Resistance, current and voltage

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10ia3416
Created by 10ia3416 over 4 years ago
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The resistance current and voltage information from an edexcel textbook broken down into a mindmap

Resource summary

Resistance, current and voltage
1 The resistance of a component is a way of measuring how hard it is for electricity to flow through it. The unit for resistance is ohms

Attachments:

1.1 The resistance of a whole circuit depends on the resistance of the different components in the circuit. The higher the total resistance the smaller the current
1.2 The resistance of a circuit can be changed by putting different resistors into the circuit, or by using a variable resistor.
1.2.1 The resistance of a variable resistor can be changed using a slider or knob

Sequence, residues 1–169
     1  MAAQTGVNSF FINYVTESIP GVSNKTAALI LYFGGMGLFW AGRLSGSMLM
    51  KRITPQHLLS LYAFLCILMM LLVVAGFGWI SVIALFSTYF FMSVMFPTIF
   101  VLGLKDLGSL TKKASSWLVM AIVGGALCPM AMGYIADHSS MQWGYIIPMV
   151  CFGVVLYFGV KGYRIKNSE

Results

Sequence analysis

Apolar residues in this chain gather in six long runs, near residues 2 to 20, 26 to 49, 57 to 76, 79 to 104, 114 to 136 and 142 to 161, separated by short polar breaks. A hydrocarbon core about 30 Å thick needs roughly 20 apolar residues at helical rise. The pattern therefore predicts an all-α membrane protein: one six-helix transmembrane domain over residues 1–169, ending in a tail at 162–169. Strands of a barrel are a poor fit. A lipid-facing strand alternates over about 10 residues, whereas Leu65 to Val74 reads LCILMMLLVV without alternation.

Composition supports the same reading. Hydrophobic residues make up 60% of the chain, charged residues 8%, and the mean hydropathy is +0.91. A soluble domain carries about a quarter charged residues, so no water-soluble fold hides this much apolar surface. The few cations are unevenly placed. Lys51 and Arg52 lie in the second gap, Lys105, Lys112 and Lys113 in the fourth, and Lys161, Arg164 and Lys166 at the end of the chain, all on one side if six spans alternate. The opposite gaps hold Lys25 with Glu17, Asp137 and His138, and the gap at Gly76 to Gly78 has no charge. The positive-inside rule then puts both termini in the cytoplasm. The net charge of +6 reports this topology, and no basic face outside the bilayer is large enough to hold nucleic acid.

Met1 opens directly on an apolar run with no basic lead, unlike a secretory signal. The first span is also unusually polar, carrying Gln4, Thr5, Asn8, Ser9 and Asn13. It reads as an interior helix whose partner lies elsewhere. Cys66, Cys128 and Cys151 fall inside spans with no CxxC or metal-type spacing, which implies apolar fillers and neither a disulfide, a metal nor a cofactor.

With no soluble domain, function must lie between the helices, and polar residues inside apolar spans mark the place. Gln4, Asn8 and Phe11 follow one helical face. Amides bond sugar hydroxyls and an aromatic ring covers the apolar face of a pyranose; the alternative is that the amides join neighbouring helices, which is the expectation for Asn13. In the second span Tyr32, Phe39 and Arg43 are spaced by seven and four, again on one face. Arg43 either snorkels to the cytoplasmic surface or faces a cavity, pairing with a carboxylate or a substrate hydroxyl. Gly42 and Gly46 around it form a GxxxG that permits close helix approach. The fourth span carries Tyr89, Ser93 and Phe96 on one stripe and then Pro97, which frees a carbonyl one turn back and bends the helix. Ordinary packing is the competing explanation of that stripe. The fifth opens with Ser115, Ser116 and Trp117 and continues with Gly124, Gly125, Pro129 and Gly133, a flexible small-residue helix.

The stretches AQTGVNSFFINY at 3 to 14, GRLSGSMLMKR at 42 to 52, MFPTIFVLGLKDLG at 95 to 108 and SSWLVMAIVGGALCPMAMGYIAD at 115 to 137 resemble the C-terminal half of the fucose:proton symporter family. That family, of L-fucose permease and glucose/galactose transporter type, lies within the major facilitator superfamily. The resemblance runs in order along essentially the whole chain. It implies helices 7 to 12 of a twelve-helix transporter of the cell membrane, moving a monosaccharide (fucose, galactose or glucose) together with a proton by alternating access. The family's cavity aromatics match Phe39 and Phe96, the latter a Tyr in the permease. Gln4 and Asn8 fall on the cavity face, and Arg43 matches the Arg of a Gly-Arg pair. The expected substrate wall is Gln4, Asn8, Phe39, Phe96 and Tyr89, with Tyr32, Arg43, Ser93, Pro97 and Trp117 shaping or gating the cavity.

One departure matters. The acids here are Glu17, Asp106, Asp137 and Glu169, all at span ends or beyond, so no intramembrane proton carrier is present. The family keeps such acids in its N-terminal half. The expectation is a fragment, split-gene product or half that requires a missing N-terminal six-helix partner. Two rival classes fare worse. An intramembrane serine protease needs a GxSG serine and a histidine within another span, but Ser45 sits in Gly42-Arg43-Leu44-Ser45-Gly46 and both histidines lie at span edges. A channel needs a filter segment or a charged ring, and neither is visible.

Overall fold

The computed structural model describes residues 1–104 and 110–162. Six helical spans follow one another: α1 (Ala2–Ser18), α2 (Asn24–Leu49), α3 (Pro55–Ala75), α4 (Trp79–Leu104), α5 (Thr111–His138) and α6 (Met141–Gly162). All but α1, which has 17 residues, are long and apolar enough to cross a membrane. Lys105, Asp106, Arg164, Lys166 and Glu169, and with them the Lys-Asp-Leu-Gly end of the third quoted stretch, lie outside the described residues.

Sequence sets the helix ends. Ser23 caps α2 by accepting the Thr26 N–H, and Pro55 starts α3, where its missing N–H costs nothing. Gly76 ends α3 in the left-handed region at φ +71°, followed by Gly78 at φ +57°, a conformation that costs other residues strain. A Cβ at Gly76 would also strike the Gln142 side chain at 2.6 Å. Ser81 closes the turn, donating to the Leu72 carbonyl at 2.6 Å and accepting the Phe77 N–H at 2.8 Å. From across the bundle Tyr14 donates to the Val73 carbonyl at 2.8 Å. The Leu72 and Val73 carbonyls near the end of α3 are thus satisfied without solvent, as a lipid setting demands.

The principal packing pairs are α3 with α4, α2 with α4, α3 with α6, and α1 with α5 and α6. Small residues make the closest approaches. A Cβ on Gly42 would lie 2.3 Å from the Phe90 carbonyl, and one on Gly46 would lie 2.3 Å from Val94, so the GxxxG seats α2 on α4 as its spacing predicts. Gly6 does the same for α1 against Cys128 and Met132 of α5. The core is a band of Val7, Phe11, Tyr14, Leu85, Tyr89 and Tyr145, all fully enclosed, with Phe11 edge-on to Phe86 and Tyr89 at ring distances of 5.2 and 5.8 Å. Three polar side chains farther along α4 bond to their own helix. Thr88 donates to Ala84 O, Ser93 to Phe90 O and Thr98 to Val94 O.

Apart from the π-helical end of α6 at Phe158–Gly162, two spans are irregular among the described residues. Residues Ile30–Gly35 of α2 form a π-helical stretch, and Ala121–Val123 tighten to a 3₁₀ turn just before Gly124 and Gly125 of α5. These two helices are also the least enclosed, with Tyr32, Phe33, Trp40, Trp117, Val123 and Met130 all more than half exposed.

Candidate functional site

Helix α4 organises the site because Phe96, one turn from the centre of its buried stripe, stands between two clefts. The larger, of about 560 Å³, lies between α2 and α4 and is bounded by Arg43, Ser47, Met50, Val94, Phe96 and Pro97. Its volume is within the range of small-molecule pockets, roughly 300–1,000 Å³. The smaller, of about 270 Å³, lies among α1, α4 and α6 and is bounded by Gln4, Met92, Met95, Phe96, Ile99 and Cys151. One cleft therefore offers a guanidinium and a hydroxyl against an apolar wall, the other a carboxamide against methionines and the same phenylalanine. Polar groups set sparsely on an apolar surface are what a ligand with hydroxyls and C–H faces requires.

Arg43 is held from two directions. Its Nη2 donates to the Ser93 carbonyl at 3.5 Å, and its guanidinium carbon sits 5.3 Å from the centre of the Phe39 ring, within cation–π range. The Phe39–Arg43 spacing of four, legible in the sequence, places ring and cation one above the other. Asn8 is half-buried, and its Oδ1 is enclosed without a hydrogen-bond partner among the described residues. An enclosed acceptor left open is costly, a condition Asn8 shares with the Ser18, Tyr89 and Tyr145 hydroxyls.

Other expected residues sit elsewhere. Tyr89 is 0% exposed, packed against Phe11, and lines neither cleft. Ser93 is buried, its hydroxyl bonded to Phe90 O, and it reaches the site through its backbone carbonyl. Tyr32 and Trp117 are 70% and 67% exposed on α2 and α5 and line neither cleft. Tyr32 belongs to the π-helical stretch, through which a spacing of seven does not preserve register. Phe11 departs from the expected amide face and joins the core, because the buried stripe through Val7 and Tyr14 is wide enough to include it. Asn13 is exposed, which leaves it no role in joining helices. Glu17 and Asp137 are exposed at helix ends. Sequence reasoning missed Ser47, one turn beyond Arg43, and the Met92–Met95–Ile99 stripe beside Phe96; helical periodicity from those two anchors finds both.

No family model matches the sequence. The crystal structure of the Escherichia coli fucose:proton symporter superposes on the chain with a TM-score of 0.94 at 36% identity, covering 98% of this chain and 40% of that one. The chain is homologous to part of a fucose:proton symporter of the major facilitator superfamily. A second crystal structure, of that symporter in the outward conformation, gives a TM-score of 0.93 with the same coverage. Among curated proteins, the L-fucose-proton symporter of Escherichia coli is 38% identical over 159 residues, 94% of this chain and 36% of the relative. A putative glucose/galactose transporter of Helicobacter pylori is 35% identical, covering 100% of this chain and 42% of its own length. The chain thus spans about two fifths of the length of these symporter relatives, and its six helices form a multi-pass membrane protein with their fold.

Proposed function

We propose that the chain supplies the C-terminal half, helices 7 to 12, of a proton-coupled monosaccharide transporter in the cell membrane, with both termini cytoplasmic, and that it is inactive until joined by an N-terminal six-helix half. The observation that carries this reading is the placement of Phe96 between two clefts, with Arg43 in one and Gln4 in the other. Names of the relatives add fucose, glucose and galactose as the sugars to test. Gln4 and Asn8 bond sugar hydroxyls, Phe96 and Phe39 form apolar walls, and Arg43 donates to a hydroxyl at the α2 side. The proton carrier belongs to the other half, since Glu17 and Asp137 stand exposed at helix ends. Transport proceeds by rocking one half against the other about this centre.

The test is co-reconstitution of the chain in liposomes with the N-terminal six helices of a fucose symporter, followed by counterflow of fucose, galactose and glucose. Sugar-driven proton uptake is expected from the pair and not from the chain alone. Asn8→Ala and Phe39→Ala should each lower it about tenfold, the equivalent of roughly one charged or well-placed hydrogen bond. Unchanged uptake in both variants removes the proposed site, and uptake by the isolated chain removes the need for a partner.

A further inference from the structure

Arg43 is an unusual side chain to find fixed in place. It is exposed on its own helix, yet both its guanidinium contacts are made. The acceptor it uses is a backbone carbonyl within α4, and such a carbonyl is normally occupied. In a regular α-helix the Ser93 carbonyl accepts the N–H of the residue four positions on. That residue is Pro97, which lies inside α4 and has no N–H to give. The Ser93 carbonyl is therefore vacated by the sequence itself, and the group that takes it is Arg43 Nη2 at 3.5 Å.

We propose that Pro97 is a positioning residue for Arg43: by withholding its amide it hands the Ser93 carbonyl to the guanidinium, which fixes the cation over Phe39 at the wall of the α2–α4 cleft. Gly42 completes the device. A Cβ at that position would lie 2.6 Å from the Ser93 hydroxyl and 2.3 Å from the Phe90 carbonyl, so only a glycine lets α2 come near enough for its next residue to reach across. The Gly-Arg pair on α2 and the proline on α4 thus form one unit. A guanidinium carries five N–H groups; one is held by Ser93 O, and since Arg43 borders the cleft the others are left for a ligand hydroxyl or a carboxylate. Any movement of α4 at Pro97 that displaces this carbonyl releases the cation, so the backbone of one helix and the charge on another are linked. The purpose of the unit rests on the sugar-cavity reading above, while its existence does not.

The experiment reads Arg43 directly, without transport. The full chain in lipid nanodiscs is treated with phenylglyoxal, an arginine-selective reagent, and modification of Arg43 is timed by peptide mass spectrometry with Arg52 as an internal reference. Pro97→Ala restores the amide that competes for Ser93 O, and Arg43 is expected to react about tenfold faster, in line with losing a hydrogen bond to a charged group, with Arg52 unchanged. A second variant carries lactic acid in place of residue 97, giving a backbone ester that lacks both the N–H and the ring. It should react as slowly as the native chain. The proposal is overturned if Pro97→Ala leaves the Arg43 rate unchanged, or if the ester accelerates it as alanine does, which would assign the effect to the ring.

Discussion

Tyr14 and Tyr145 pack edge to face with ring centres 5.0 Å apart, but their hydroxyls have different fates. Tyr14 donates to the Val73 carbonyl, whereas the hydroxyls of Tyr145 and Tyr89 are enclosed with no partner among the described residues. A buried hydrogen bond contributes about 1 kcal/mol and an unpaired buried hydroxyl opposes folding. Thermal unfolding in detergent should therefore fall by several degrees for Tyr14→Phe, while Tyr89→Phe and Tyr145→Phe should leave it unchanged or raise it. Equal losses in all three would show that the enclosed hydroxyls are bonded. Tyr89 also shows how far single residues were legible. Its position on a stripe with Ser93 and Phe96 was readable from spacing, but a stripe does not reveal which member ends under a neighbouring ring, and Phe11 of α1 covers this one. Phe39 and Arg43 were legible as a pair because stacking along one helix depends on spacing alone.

2 Circuit calculations
2.1 You can calculate the resistance of a component by measuring the current and voltage, and then rearrange this formula
2.1.1 Potential difference = current x resistance V = I x R
2.1.1.1 V = voltage (or potential difference) (volts, V)
2.1.1.2 I = Current (amps, A)
2.1.1.3 R = resistance (ohms)
2.1.1.4 NOTE: You don't need to remember this formula, as it will be given to you on the exam
2.1.1.4.1 you do need to be able to use it, and to remember the correct units for the different quantities
3 Changing resistances
3.1 1. Filament lamps: Filament lamps get hotter as the voltage across them increases. This increases their resistance. The higher the temperature, the higher the resistance
3.1.1 voltage UP, resistance UP
3.1.2
3.2 2. Diodes: When the current flows in one direction diodes behave like fixed resistors. The resistance does not change if the voltage changes. Diodes only conduct electricity in one direction. They do not allow current to flow in the other direction
3.2.1 The diode does not conduct when the voltage is applied this way round
3.2.2
3.3 3. Light dependant resistors: The resistance of a light-dependant resistor (LDR) is large in the dark. The resistance gets less if light shines on it. The brighter the light, the lower the resistance
3.3.1 brightness UP, resistance DOWN
3.3.2
3.4 4. Thermistors: The resistance of a thermistor depends on its temperature. The higher the temperature, the lower the resistance
3.4.1
3.4.2
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